Adi was a learning assistant. I’m not sure if this would be classed as a game, it does contain a few games, but Adi is not considered a game in itself. It’s kind of like Microsoft BOB or Packard Bell Navigator, only more focused at primary and secondary school students, which had a focus on Maths and English exams.
Since the game was designed to run on Windows 95, I’ve captured these from a Windows 95 install running in PCem (Fantastic emulator), emulating a Pentium Overdrive-based system. The game makes use in Intel’s Indeo technology and Microsoft WinG, not DirectX. Maybe this was to allow Windows 3.1 compatibility, but Adi is a 32bit application. The software makes use of various technologies such as Intel Indeo for the video and animation playback, this is automatically installed for you
The splash screen appears whenever you start Adi.
The software was released under Windows only, and came as part of three discs, the first being the main software disc, the second containing many of the various games and the third disc contains the year specific subjects for math and English.
There were many different editions of the software with the key stage 2 version covering years 3 – 6 and having a more cartoon appearance whilst the key stage 3 version taking a more mature interface. Typically all the key stage versions had the same two discs, with the third being different depending on the school year.
User selection screen each user has their own profile which was meant to track their progress with the math’s and English exercises and online activity.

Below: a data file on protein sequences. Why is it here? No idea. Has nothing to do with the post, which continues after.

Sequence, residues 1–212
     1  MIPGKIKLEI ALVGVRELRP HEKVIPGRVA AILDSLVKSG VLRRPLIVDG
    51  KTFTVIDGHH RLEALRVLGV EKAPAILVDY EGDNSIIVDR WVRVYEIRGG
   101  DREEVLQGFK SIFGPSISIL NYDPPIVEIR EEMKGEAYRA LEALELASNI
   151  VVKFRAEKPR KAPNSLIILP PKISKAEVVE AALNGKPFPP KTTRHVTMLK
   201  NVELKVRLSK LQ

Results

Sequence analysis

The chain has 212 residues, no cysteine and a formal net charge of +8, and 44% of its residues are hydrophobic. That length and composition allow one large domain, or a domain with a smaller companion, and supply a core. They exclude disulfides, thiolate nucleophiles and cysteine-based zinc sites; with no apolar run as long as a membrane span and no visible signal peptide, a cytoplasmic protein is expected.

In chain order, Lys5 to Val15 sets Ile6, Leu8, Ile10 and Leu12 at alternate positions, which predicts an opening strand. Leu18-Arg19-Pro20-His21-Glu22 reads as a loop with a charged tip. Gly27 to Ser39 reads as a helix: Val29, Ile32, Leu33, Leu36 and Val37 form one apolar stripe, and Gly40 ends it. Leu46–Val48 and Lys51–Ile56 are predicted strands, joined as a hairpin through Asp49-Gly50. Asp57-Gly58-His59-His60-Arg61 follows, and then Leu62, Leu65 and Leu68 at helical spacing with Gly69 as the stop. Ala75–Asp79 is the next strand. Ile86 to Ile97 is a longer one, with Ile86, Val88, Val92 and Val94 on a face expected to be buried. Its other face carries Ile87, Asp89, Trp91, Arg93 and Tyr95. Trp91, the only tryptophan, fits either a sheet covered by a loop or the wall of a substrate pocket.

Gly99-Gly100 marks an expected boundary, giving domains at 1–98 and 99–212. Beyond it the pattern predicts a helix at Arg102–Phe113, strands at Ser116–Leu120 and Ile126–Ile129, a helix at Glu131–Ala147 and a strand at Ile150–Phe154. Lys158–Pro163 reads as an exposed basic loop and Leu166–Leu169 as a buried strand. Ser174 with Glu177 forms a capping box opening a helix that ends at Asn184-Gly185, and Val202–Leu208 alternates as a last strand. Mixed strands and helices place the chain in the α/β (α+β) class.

Creating a new user for the first time, here you specify the Name, DOB, School Year and then your favorite traits. This would have been viewable online to other users, since Adi had support for online virtual classrooms, which as you have probably guessed are no longer online.
Shortly after you will be transported to his attic, and its kind of a nice-looking attic. This is where different sections of the application can be accessed. You can click on certain object to open different parts of Adi. Objects you can click on are indicated by the mouse cursor, which changes when you can select an item.
Objects will randomly animate if Adi is left unattended for a while, or you can animate the objects yourself.
When you move your cursor to the bottom of the screen, a row of buttons will appear that you can click on which will let you quickly access various activities, or can be used to exit Adi to change the active profile. The question mark icon acts as the context help, where the cursor will change and Adi will explain what that item does.
By the way, Adi always runs at 640 x 480, running at higher resolutions results in a black border being displayed around the screen.
Jukebox gives two options, Music and Background Music. Music allows you to play sample music from various genres, most likely from a generic sound library. Background music lets you select ambient music like city traffic and jungle rainforest sounds.